Its gaping mouth seemed to have hundreds of teeth in it, now decorated with bits of flesh, blood, and brains. She very slowly retreated further back behind her desk and then turned to look at the door to the laboratory. The space between her desk and the door was not very far. Maybe she could make a run for it before the monster caught her. Maybe it wouldn’t even try.
Standing, she launched herself at the door behind her. The creature screamed. Something slimy and slick wrapped around her arm with bruising force. Gert stumbled as she was pulled backwards and slammed hard into the coat rack. It fell with a crash, and she landed on top of it with a pained shout.
The monster let out a series of chittering clicks and advanced on her. Rolling off the coat rack, she scrambled away on hands and knees. One knee slid into something hard that rolled away on the tile, and glancing down, she saw her walking stick. Fingers closing around the stick, she swung it in an arc towards the creature as it reared up over her. The stick collided with the creature, making a soft, wet thud. It gave a long rattling hiss, as she hit it again and again. It let out a higher sound and fell back a pace as she kept hitting, striking out widely, not leaving herself room to think.
Continuing to back away, the creature’s noises became more desperate sounding. A tentacle shot out, striking Gert along the left side of her body like a whip. She stumbled back as pain exploded down her left side, jarring all the way up to the top of her skull and down to her foot. Another tentacle lashed out at her again, and she swung wildly, smacking it with the cane with all her strength. The creature screamed and reared back. Then it scuttled backwards and slammed bodily into the laboratory door. There was a loud crack and bang as the door gave way under its weight.
Then the creature was gone.
Gert stood there, her breathing ragged, staring at the doorway. Her ears strained for any sound: a rattle of stones on the cobbled street outside, a slap of wet tentacles against stone or tile, anything. Her fingers began to cramp. She realized she’d been grasping her cane as tightly as she could. When she let it go, it clattered to the floor, the sound echoing around the laboratory. Outside, she could hear carriages and horses going by on the road. Inside, there was a soft drip-plop as what was left of the body’s brains pooled off onto the floor. She turned to look at the mangled mess on the table. Panic welled up inside her. There were people out there, children—the creature could…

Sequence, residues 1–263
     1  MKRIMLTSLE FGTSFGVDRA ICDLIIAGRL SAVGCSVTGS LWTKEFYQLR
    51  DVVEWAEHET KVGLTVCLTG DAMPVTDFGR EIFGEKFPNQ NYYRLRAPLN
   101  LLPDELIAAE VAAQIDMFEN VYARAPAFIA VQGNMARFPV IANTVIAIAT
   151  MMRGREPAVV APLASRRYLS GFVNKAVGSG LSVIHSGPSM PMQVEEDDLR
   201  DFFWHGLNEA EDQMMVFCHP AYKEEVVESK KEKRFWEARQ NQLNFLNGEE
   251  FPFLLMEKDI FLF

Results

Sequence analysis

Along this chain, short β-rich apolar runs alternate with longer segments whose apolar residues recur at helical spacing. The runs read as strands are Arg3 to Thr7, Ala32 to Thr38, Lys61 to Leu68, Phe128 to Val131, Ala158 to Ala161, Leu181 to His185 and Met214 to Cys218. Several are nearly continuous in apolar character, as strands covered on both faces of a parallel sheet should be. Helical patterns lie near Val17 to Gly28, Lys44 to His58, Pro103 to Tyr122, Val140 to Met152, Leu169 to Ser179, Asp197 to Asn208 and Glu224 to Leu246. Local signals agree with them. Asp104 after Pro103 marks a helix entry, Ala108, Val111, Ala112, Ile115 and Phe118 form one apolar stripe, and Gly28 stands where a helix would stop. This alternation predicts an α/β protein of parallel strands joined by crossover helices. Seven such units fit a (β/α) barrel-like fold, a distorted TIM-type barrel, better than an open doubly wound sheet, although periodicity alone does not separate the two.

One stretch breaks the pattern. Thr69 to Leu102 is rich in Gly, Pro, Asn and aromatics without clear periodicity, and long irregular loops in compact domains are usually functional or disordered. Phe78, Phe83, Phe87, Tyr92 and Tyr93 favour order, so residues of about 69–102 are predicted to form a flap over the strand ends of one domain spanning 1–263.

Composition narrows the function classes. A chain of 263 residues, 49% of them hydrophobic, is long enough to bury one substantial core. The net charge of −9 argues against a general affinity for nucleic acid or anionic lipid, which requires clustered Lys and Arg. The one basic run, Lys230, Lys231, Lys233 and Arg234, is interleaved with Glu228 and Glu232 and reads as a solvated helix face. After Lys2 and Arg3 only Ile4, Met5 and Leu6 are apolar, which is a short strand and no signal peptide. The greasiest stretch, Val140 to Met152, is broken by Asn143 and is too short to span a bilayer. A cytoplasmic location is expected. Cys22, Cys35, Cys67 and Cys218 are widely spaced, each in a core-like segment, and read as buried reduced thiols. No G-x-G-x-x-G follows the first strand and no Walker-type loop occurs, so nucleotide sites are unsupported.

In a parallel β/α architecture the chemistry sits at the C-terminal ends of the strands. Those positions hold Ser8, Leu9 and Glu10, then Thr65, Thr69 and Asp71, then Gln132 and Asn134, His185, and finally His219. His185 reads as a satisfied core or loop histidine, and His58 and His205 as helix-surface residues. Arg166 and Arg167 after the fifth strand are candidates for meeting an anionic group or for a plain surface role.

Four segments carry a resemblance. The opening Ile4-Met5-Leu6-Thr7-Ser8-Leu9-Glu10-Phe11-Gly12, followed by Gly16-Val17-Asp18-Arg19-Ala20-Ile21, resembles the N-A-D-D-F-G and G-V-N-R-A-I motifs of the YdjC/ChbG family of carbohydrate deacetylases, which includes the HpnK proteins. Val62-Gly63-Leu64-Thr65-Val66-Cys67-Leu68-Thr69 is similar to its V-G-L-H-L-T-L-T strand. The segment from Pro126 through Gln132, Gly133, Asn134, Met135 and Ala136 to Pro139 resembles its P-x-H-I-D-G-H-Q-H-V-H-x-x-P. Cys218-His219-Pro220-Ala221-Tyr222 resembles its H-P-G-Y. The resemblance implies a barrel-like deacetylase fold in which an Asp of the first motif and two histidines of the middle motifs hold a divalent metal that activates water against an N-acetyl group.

She made for the doorway, sprinting out into the street. Outside, wagons, carriages, and people on horseback filled the streets. On the sidewalks, people bustled back and forth heading towards the docks just behind the warehouses, or away. No one seemed panicked or afraid, no one was screaming or running, and the creature was nowhere to be seen.
For a long moment, she stood there watching the people around her. A group of boys in ragged clothing and bare feet chased each other, shrieking and whooping down the street. A man stormed out of his store and began yelling and cursing at them.
Numbness stole over her, and she backed up until her back hit the wall. All around her, New York City went on as it always had.
The creature was gone, somewhere in the city, and she had no idea where.